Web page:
Having discharged the arduous parochial duties of Bishop Wearmouth for upwards of twenty years with indefatigable zeal, and having (in co-operation with other benevolent and well-disposed individuals) promoted the building of an Infirmary, and enlarged the means of religious instruction by erecting schools and chapels in that populous parish, Dr. Gray was selected by Lord Liverpool (than whom a more disinterested and virtuous patron of church preferments never existed) for the see of Bristol, to which he was consecrated in 1827, and which he has ever since adorned by continued exertions in the service of learning, charity, and true religion.

Among these services, we may mention his Lordship having been several years a member of the Council of the Royal Society of Literature—one of the Society for promoting. Christian Knowledge—a promoter of the building of places of worship where most needed—and, as a peer in Parliament, distinguished for the
proper and judicious share he has taken in those discussions where the vital interests of the Protestant Church were concerned.

His Lordship married Miss Camplin, daughter of J. Camplin, Esq. of Bristol, by whom he has had a numerous family. Of several of these, including two married daughters, he has been bereaved ; five sons and two daughters remain.

In our enumeration of the Bishop of Bristol's works, we have omitted a very important publication, namely, " The Connection between the Sacred Writings and the Literature of Jewish and Heathen Authors, particularly that of the Classical Ages, illustrated principally with a view to evidence in confirmation of the truth of Revealed Religion." This excellent treatise was published in 1819 in two vols. 8vo.; and whether for its classic summaries, or their application to the object contemplated, it is a book of inestimable value to the old or young. In its pages, the scholar will have all his studious recollections revived; the Christian, his faith strengthened; the youthful, his mind stored with the best kind of knowledge. It is at once a lasting monument of the learning and the piety of its author.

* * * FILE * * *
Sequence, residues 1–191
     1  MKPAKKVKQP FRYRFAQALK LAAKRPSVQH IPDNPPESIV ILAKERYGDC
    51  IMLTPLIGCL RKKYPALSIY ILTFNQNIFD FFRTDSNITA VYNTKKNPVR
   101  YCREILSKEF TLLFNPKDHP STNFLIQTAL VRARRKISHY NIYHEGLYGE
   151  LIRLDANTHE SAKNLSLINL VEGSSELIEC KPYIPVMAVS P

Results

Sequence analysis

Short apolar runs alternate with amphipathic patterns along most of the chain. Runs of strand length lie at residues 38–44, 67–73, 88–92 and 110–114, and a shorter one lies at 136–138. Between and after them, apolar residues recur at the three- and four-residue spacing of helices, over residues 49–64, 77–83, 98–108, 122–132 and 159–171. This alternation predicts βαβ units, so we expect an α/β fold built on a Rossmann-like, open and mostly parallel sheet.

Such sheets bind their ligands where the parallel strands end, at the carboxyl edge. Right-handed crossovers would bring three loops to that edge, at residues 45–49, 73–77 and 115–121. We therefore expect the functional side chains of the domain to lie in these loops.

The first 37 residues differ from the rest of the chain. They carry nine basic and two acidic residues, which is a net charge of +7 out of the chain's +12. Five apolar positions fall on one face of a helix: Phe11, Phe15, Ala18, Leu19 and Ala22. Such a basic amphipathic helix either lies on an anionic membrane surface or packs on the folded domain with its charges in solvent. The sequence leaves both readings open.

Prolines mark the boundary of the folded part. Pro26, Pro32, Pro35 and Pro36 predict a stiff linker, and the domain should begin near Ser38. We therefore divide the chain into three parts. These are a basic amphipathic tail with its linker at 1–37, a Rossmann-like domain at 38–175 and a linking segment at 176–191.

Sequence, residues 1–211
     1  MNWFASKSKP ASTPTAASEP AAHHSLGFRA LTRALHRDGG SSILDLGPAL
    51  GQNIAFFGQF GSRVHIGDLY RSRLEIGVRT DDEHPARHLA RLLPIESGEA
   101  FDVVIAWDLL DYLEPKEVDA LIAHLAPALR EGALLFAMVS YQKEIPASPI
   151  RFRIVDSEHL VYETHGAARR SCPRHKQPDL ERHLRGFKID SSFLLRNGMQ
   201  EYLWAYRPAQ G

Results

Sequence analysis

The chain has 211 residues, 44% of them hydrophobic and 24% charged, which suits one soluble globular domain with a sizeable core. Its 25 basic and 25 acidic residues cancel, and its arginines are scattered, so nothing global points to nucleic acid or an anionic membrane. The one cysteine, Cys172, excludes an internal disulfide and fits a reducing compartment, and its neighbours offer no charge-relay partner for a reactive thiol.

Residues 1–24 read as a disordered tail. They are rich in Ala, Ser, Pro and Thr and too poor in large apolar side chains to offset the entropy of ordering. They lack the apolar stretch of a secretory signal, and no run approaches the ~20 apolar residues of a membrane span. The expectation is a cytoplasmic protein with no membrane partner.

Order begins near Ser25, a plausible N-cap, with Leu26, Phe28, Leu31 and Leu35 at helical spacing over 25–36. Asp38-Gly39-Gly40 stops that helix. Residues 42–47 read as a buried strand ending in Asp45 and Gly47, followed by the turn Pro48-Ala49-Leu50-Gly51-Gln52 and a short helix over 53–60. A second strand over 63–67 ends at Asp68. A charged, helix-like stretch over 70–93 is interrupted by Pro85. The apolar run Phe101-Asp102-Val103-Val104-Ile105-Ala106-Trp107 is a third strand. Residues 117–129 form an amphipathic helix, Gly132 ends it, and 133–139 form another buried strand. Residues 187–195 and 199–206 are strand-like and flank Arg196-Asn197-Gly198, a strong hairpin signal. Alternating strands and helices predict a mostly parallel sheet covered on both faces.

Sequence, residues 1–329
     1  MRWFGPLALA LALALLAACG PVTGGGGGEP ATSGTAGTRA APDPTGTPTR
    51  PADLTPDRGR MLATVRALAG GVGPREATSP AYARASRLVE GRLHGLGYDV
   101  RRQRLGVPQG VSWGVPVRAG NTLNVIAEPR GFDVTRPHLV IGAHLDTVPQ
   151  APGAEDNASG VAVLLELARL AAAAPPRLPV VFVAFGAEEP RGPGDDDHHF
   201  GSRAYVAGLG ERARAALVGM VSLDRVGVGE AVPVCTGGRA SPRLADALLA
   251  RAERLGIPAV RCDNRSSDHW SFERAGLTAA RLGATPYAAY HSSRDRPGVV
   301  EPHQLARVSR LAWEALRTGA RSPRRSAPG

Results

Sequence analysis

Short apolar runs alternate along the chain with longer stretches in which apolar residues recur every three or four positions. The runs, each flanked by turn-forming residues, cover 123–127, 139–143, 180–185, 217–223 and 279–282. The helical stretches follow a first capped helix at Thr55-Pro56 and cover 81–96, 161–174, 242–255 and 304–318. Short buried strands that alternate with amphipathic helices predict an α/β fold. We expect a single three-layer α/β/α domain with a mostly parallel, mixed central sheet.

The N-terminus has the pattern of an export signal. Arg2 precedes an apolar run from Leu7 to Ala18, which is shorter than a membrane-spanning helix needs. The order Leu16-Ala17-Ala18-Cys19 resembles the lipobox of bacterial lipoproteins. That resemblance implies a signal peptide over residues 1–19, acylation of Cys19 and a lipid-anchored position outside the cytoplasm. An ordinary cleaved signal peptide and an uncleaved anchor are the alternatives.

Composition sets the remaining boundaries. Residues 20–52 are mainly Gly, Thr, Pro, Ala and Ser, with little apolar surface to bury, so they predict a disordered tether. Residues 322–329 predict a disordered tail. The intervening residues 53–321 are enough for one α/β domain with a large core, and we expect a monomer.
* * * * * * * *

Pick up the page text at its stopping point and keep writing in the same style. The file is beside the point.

To this concise sketch we have nothing to add, except it may become us, from personal observation, to bear our testimony to the unaffected virtues of the Bishop of Bristol. It is his happy lot to be able to look back on a long and well-spent life of worth, whether as a man, a clergyman, or a dignitary of the church; and we sincerely hope he may be spared for many years, to do yet more good in his enlarged sphere, and be a pattern of what is becoming and beneficial in the high station to which he has been so deservedly exalted.